Learning Watercolour Painting.
Let me be clear up front. I’m not a watercolour painter, I’ve always wanted to be able to do it but never really put in the time needed. Those who have been with us for a while may remember I gave it a bit of a go 2 or 3 years ago, unfortunately that was rather short lived, real life got in the way!
Anyway this is my new start in learning watercolour painting.
Please note that all images on this page are my own paintings. I have only been doing the course for just over a month so please don’t hold them responsible for the quality of the painting!
Well my New Year’s resolution this year was to really put some effort into it and see if I could get to at least a reasonable standard. You will be amazed how difficult I found it to put paint to paper for the very first time so I decided I needed help.
Lessons seemed like the obvious answer but time and geographical issues (and expense) made that difficult. After a fair bit of searching online I found what seemed like a good online course and a reasonable price. In fact there was a month’s free trial and even a free vidoe prior to the trial so plenty of time to see if it was for me or not.
Again I will make clear at this point I have no connection with the site other than signing up to it. This isn’t a paid review, it is just my own honest opinion.
So this is the site I ended up using. Obviously cost played a factor but I didn’t really make up my mind until I had been through the free video lesson. Even after signing up and accessing everything you still have a free month to make a final decision. The first (free) lesson only uses 3 colours and a single brush so can be done with very little cost. After doing the initial free lesson I signed up and have slowly gone through the Beginner Course.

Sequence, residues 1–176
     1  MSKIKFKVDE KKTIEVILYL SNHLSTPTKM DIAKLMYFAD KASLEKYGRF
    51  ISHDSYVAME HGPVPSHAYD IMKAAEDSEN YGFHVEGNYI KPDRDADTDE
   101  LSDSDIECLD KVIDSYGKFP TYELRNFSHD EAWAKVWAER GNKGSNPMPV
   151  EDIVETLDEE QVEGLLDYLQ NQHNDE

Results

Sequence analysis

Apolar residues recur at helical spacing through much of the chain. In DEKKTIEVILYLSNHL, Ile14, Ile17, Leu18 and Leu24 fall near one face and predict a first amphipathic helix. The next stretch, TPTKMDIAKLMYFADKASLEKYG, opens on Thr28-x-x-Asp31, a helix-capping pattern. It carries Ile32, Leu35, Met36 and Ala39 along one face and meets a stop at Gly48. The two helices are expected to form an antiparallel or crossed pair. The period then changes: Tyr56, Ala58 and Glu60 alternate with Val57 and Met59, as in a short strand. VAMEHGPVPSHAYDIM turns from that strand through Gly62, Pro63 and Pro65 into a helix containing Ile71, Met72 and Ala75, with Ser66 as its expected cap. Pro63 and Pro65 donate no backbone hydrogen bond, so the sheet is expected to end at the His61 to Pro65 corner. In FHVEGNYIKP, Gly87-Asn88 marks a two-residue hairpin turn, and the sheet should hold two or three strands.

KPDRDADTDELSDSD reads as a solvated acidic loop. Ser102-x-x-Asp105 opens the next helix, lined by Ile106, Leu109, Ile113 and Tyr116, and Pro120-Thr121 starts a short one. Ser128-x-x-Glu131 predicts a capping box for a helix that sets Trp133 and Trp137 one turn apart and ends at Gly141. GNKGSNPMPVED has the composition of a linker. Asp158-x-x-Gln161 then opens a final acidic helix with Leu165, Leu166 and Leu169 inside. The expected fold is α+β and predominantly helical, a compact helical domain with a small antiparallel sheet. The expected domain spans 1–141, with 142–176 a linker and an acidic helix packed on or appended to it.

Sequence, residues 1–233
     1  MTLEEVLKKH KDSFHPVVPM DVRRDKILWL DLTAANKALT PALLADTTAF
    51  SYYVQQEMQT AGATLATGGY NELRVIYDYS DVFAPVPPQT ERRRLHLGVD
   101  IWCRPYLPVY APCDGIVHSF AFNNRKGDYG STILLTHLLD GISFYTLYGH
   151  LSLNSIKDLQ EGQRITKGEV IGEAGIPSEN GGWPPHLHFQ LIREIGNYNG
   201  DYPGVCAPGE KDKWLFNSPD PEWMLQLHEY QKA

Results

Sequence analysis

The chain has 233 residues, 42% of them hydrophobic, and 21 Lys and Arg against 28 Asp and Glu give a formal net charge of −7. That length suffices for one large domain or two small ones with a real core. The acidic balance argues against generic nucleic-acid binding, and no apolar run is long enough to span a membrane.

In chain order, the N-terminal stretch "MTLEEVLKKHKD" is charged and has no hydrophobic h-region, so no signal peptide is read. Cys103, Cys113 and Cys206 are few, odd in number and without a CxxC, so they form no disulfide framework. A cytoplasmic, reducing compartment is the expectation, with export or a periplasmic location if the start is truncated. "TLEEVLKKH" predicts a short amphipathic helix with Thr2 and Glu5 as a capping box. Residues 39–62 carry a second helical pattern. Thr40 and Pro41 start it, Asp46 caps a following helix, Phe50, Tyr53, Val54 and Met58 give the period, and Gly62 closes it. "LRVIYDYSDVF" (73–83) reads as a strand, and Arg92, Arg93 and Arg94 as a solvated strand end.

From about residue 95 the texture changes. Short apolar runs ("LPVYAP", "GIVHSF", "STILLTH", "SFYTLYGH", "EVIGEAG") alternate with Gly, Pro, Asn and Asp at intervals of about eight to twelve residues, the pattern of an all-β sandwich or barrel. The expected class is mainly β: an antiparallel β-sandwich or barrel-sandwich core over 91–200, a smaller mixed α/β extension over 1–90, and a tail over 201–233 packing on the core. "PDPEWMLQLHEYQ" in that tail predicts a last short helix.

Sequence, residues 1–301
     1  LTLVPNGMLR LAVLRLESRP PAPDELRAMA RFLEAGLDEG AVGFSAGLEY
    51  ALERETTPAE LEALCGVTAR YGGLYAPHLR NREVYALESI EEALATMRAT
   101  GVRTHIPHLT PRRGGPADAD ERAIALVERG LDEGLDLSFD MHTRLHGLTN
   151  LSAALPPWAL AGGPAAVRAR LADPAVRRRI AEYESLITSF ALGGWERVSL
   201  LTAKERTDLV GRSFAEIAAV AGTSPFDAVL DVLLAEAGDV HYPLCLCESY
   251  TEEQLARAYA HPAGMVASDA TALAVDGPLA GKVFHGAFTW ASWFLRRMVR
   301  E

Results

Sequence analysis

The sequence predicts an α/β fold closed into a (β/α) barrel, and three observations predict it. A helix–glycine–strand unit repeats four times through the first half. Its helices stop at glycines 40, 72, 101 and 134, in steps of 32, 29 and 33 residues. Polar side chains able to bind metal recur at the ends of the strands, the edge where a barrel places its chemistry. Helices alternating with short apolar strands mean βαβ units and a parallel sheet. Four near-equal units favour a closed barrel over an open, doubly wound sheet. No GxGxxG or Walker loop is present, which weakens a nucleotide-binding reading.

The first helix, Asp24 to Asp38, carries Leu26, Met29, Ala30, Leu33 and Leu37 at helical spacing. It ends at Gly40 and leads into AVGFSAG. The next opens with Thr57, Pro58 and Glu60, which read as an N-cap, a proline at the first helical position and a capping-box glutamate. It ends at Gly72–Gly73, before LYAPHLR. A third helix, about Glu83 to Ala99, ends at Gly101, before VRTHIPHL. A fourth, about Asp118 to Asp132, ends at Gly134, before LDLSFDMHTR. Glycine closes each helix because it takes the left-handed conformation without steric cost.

What I like about the site.
- The “Beginner Course” is graduated, starts very simply and progresses at a good rate.
- Not too many materials needed.
- The presenter explains things carefully and makes no assumptions about the viewers abilities. (He also comes across as friendly and enthusiastic).
- There are an awful lot of videos on the site and also a few written projects. You wont be short of things to do.
Things I found difficult.
- Once out of the “Beginners Course” it’s a little difficult to know the best order to do the projects in. I found myself having to watch several videos in the “intermediate section” before I could work out which would be best to do next.
- Once out of the “Beginners Course” I found there were more and more references to his own colours and his own brushes. With the colours it would have been nice he he gave alternative mixtures from the “standard” colours but this wasn’t always done. Just occasionally it felt like I was watching an advert for his own paints / watercolour paper / brushes rather than a lesson.
Don’t get me wrong I have chosen to stick with the site. I think I may even pay for the year which seems like good value. I just wanted to be honest about some of the issues I have found. You of course may see it differently.